How Bad is Bullying at Your School? Ask Students

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Today I went to an individualized educational plan (IEP) meeting for one of my middle school students. The parent reported that her son “is constantly being bullied at school." She said he is being harassed by other students because of his disability. It happens before and after school. Once, students stole his hat and put it in the trash. Another time, they took his water bottle and put sand in it.

Now I consider myself to be an involved administrator, so I’m stunned by this news. I ask the staff if they have witnessed any bullying. No. The teachers have not witnessed anything. They report that the student has friends and participates in social activities at lunch. They say he appears happy at school.

Then how do we explain this discrepancy?
 
I think back to when I was in junior high school (that’s what we called it back then) in the 1980's. I know what it's like to be bullied. I was a thin, effeminate, gay boy back then. There were few staff members who either "saw" the bullying or stood up for me. I remember what it's like to be picked on constantly. You want it to be over. You just want to be left alone. Some days, it seems like the end is the only way out.

I hope we're clear as a profession that turning a blind eye to bullying has dire consequences that can be lethal. We've all seen the headlines over the past few years. Education can no longer allow for overt bullying to occur in our schools. We cannot chalk up bullying as "character building" or say that the victims are somehow to blame. Sadly, I've heard both thoughts from fellow educators.

We've all been working to stop the tired scenario of the bully-taking-the-lunch-money as a profession, but what about the subtle and covert forms of bullying? Waiting for just the right moment–when the teacher's head is turned or the duty officer is around the corner—the bully attacks. At least when I went home from junior high, the harassment ended for a few hours. Today, students have access to cell phones and Internet. Opportunities for harassment and bullying are any time and any place, 24 hours a day.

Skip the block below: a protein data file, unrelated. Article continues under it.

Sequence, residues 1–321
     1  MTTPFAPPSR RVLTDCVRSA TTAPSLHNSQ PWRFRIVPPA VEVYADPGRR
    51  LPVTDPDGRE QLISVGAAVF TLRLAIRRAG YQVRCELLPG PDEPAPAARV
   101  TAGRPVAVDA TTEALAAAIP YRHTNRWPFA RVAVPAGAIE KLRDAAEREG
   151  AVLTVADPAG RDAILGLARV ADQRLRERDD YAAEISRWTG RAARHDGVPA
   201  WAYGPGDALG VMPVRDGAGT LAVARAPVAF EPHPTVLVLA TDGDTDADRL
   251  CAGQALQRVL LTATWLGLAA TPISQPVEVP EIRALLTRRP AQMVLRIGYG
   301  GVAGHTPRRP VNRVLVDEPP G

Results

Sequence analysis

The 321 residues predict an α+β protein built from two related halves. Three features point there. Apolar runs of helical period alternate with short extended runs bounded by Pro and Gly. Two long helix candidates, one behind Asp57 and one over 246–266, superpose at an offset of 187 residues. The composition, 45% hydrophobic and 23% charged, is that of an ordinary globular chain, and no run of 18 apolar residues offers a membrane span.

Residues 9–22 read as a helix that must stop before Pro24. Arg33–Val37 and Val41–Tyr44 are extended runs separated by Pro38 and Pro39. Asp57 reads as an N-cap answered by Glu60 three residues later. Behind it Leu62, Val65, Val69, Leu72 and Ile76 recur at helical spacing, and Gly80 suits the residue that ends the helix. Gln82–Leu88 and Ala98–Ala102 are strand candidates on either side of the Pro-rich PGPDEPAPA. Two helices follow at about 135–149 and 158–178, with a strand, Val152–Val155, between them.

We cannot assume that just because we don't see bullying it's not happening. I resolve to ask my students from now on directly if they are being harassed on an active basis. I will make it part of my daily conversations with students and their families.

Dorman is a middle school psychologist and project facilitator in California.

Comments

Up until October 2010 I

Submitted by Maureen Sorrell on 26 July 2011 - 1:43pm.

Up until October 2010 I worked as a substitute for the Dixon Unified School District in Dixon CA. The Asst. Superintendent left me a vm in May 2010 telling me how inappropriate my remarks were in the sixth grade class room to discuss gays. Yes, how dare I? Well we had been talking about Jackie Robinson and the discrimination of African Americans in baseball several years back and I had the nerve to use it as a springboard to ask the kids if they thought other groups suffered discrimination. We, as a class mostly agreed that gays suffered--except for one girl who asked us to keep the discussion limited to blacks.

I called his office twice and he never returned my call. So in October 2010, I had a different class I talked to about the importance of discretion. It was shortly after the 13 year old girl in Florida took her own life after pics of her topless were distributed by cell phone, so I shared a short story with the kids I had written about a time when I was privy to gossip and I did not share it. It was a writing prompt for them. I thought things had gone well until later.

I received a letter in the mail telling me I was no longer needed as a sub from Mr. Brian Dolan.

As a teacher I teach

Submitted by Kate Livingston on 8 October 2012 - 5:07pm.

As a teacher I teach tolerance a lot, but when I have a sub I leave very generic plans that deal with the traditional subjects. If you were following the teacher's instructions then you have a case. If you were not following the plans left by the teacher and striking out on your own then they have the case. You said you were warned once, that should have been enough. While I believe in teaching tolerance I also believe that school rules should be followed and if you were let known that they didn't not want you teaching away from the classroom teacher's plans, then you should have respected that. I suggest getting your teaching degree if you are really passionate about it, then you can incorporate into your lessons what you feel is appropriate.